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Jon Fosse: 2023 Nobel Laureate

“Everything I’ve written can perhaps be called a sort of mystical realism⁠ — not ‘magical,’ but mystical⁠.”

In 2012, the Norwegian writer Jon Fosse decided it was time to face his limitations. A prolific
playwright, he had seen his theatrical works produced more times than almost any living author. But in addition to artistic burnout he confessed to himself that he was an alcoholic. That year he stopped writing plays, gave up drinking, and was received into the Roman Catholic Church. It’s a fairly ordinary story, as Fosse himself would be the first to admit. What brings it to our attention is that Fosse recently won the Nobel Prize for Literature.

While his plays continue to be widely staged, his international recognition has come largely from his fiction, which he began to write in the wake of his personal crisis. His best-known work — and it must be said that he is not exactly a blockbuster author — is simply called Septology, which is a long novel in seven parts, as its name implies. It is a book that takes a little getting used to, because the writing style is so unusual. In some ways it is similar to what has been called “stream of consciousness” — instead of a narrator telling a story we are more or less plunged directly into the head of the protagonist. In fact, the first novel starts in the middle of a thought and it quickly becomes clear that the whole book is one long sentence, connected by a lot of phrases like “I think” and “yes.” It would hardly be surprising if a lot of readers might find this literary approach off-putting. However, as I have discovered, with a little patience, it is possible to fall into the rhythm of the prose and get caught up in the life of an old Norwegian artist named Asle, a man whose deeply Catholic wife passed away many years before.

The opening words of Septology are:

And I see myself standing and looking at the picture with two lines that cross in the middle, one purple line, one brown line, it’s a painting wider than it is high and I see that I’ve painted the lines slowly, the paint is thick, two long wide lines, and they’ve dripped, where the brown line and purple line cross the colors blend beautifully and I’m thinking this isn’t a picture but suddenly the picture is the way it’s supposed to be, it’s done, there’s nothing more to do on it I think, it’s time to put it away, I don’t want to stand here at the easel any more, I don’t want to look at it any more.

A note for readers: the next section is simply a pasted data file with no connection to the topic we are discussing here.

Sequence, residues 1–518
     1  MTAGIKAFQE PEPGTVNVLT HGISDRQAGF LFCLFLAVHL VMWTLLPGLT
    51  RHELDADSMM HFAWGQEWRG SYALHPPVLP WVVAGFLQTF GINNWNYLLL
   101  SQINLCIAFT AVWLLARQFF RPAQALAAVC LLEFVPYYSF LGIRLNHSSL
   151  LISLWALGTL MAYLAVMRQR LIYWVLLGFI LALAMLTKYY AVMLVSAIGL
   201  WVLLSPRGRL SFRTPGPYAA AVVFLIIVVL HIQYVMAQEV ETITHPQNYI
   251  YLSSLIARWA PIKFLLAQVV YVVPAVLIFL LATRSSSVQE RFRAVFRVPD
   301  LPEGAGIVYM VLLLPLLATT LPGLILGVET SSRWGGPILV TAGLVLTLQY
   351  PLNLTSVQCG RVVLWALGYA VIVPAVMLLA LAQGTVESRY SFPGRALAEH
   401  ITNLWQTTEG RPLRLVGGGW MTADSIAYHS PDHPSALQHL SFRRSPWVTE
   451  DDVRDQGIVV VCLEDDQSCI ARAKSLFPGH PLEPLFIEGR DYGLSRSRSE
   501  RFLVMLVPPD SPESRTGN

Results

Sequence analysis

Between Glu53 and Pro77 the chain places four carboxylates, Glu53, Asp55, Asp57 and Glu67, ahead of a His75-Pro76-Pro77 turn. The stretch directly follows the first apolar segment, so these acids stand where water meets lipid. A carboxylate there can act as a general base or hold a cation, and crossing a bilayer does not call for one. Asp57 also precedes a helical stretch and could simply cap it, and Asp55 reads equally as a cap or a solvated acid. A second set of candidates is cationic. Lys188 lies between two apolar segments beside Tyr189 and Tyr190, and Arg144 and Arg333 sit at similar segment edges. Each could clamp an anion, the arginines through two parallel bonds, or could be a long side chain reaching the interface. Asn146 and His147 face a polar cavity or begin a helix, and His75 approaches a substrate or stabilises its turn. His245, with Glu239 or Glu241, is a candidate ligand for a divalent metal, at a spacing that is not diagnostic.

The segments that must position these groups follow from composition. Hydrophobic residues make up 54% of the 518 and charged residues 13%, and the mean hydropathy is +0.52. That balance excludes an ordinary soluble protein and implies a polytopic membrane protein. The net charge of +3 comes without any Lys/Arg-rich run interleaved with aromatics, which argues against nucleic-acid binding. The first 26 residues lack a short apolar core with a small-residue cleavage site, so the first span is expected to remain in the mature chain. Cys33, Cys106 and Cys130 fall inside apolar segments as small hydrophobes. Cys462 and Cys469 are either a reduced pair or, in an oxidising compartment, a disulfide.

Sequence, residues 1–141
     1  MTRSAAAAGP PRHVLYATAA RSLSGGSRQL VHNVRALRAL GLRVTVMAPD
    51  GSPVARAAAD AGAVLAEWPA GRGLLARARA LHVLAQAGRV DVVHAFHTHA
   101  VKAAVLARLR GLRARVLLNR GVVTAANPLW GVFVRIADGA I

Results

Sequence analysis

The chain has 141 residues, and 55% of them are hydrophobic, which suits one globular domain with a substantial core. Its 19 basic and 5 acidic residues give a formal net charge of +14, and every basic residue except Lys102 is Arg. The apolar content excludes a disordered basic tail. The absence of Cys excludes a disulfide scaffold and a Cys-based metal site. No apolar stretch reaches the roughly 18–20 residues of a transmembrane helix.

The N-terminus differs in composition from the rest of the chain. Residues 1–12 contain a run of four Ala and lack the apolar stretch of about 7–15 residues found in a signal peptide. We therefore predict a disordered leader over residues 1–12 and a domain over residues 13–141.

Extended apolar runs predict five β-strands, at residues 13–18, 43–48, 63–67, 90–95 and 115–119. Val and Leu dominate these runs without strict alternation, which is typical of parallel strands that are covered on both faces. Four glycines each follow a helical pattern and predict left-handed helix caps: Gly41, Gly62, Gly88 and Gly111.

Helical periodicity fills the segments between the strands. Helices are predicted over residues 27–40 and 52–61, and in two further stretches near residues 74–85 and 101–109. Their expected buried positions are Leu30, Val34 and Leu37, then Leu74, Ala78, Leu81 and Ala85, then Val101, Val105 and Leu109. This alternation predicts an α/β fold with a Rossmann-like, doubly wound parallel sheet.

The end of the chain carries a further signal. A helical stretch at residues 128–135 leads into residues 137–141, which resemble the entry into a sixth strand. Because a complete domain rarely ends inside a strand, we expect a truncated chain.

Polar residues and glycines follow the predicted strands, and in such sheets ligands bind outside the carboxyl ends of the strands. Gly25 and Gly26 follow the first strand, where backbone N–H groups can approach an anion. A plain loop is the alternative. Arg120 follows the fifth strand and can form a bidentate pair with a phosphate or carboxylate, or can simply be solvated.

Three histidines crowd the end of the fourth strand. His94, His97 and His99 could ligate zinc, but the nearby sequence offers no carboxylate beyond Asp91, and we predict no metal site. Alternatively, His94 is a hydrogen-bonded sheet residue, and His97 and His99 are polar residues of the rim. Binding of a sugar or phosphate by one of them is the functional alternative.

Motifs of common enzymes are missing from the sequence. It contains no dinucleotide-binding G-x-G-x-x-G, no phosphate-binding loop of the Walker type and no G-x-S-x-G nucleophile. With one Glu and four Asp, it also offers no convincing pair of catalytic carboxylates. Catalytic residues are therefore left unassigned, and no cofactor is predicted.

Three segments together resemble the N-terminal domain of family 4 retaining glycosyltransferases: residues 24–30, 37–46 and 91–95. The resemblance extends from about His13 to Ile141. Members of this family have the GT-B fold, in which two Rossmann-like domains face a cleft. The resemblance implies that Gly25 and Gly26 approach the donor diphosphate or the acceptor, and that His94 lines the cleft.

These words are spoken – or perhaps more accurately, thought – by Asle. As the excerpt indicates (beginning mid-thought with a conjunction), we are immersed directly into Asle’s head in a sentence that will literally never end. Even the final words of Septology also break off mid-stride. Fosse has called his style “slow prose”; his translator says “Fosse writes pure, repetitive, musical phrases in a stripped-down vocabulary.” Fosse’s “repetitive, musical phrases” attains an almost liturgical form (and they are supplemented by Asle’s attempts to pray the Our Father, Hail Mary, and Jesus Prayer). Geltner writes of Fosse’s narrative style: “It is not merely the representation of the consciousness of one man: it is the representation of everything as consciousness, or what it may finally be more accurate to call the spirit.” Or as Fosse put it: “Everything I’ve written can perhaps be called a sort of mystical realism⁠ — not ‘magical,’ but mystical⁠.”

It turns out that Asle eventually became Catholic himself, and finds the classic prayers of the faith to be profoundly comforting. He becomes fascinated by Christian mysticism and in particular the thought of the medieval mystical theologian, Meister Eckhart. One other complication of the storytelling in Septology is that it becomes clear that Asle knows another old painter named Asle, a man who did not give up drinking or find faith. In that sense, this book is what Fosse calls a “classic doppelganger” tale — the mysterious and daunting encounter with oneself. It raises many questions: what sort of grace or preference did “sober Asle” receive to be able to change his life and why didn’t that happen to “drunk Asle”? Why does one experience Christ as a living presence, even in the midst of a very ordinary and messy life, and the other does not? What is the source of an encounter that can change a life?

There’s much more than can be said about this Nobel Laureate, but hopefully enough has been sketched out here to entice some to become readers. In fact, if Septology sounds too daunting, he has a new short novel out now called A Shining. I’ll be delving into it soon.

Greg, Seattle, WA